Summary of The Road Less Traveled
Notes by Doug Muder (1997)
I look at this book as a gradually unfolding answer to a question that Peck never states in just one line. I would state it like this: What prevents us from achieving our full potential as human beings? What keeps us from solving our emotional, spiritual, and psychological problems?
The first-level answer is given in the first section of the book: We lack discipline. Facing up to our problems and solving them is a painful, arduous, time-consuming process, and we just can't make ourselves do it. And so, the first section is a discussion of what discipline is, how a person learns (or fails to learn) it, and how it applies to the basic problems of life.
But this answer opens up another level of questioning: If solving our problems is hard and painful, why should we do it? What will motivate us to produce the effort and put up with the pain? The second section says that the answer is love. Love for ourselves and love for others will motivate us to endure risk, pain, and discomfort in the service of growth.
Yet another level of questioning opens up: Where does this love come from? It is, Peck claims in the fourth section, a miracle, a gift of grace.
Peck anticipates running into skepticism, or even outright hostility, to this answer. He recognizes that many of his fellow therapists view religion as the enemy of growth, a childish worldview that may in itself be a pathology. He tries to head this off by including a third section, in which he discusses the relationship between religion and growth. His conclusion is that there is indeed a childish form of religion, which can only be overcome by going through a period of skepticism. But he asserts that this skepticism is not the end state of growth, but can instead be the foundation of a mature religion.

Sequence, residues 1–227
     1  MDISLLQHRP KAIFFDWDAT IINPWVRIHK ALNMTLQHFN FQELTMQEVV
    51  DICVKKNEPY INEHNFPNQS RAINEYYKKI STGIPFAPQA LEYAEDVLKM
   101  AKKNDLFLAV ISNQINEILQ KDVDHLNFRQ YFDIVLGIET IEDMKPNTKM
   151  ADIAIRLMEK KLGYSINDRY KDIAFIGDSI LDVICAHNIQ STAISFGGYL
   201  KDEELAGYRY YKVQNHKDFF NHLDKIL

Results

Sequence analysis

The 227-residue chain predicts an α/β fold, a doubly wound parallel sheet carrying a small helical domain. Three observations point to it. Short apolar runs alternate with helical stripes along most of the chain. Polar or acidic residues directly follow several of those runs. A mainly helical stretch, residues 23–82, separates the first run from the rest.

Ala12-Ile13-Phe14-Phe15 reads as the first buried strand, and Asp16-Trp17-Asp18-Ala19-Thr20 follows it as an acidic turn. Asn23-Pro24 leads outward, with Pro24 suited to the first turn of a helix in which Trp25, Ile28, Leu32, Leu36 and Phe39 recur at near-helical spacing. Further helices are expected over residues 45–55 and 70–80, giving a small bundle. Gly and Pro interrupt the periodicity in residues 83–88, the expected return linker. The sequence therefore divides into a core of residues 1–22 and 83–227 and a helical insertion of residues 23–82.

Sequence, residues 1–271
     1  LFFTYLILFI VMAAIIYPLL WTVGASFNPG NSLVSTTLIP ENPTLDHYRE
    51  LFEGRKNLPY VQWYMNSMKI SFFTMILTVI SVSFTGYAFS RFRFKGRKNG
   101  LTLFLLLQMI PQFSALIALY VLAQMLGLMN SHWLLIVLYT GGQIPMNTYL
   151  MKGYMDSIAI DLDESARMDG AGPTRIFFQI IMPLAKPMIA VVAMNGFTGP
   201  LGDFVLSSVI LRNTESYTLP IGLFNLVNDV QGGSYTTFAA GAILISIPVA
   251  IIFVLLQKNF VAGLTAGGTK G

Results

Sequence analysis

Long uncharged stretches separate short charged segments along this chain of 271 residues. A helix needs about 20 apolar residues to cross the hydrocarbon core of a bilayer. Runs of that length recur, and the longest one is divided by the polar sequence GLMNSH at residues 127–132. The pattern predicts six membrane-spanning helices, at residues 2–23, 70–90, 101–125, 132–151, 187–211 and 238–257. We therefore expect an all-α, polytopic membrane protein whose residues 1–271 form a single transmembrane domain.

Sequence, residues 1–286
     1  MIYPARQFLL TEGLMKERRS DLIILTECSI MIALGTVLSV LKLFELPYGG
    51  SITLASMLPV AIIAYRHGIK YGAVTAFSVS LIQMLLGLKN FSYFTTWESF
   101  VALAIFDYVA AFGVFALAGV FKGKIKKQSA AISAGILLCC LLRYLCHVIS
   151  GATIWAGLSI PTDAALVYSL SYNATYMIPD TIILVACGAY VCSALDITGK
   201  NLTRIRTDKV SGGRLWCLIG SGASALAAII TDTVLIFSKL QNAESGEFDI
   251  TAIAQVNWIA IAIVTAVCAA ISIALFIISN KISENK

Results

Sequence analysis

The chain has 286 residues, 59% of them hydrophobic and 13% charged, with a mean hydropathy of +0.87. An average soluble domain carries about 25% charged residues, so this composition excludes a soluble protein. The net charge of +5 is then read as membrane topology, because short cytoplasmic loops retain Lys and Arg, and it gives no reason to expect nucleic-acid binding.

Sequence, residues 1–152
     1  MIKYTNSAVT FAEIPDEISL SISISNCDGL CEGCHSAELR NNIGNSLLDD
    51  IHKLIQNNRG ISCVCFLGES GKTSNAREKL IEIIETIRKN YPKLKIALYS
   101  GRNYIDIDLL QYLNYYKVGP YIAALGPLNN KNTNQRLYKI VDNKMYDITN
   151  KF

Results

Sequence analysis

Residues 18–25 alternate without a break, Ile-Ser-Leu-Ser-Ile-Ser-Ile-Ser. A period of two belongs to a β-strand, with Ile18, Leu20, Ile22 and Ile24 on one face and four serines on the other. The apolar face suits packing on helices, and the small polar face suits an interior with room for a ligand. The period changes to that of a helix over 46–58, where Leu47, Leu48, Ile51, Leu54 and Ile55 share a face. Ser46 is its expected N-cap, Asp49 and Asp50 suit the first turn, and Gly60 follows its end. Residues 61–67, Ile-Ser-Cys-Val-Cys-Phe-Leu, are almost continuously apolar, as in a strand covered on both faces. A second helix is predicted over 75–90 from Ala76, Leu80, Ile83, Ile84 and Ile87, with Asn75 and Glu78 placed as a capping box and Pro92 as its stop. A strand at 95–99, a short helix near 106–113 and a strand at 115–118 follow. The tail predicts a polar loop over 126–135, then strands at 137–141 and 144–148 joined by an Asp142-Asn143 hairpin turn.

Later in the fourth section, Peck unfolds the question one more level: Where does grace come from , and what is it trying to do? He concludes that grace is in fact the love of God, and that the purpose of grace is to nurture us as we grow into godhood. He identifies God with Jung's collective unconscious, and regards the personal unconscious as the link between our conscious individuality and God. The goal of human development is thus a conscious individuality that has become a part of God. "We are born so that we might become, as a conscious individual, a new life form of God."
Return to The Road Less Traveled main page.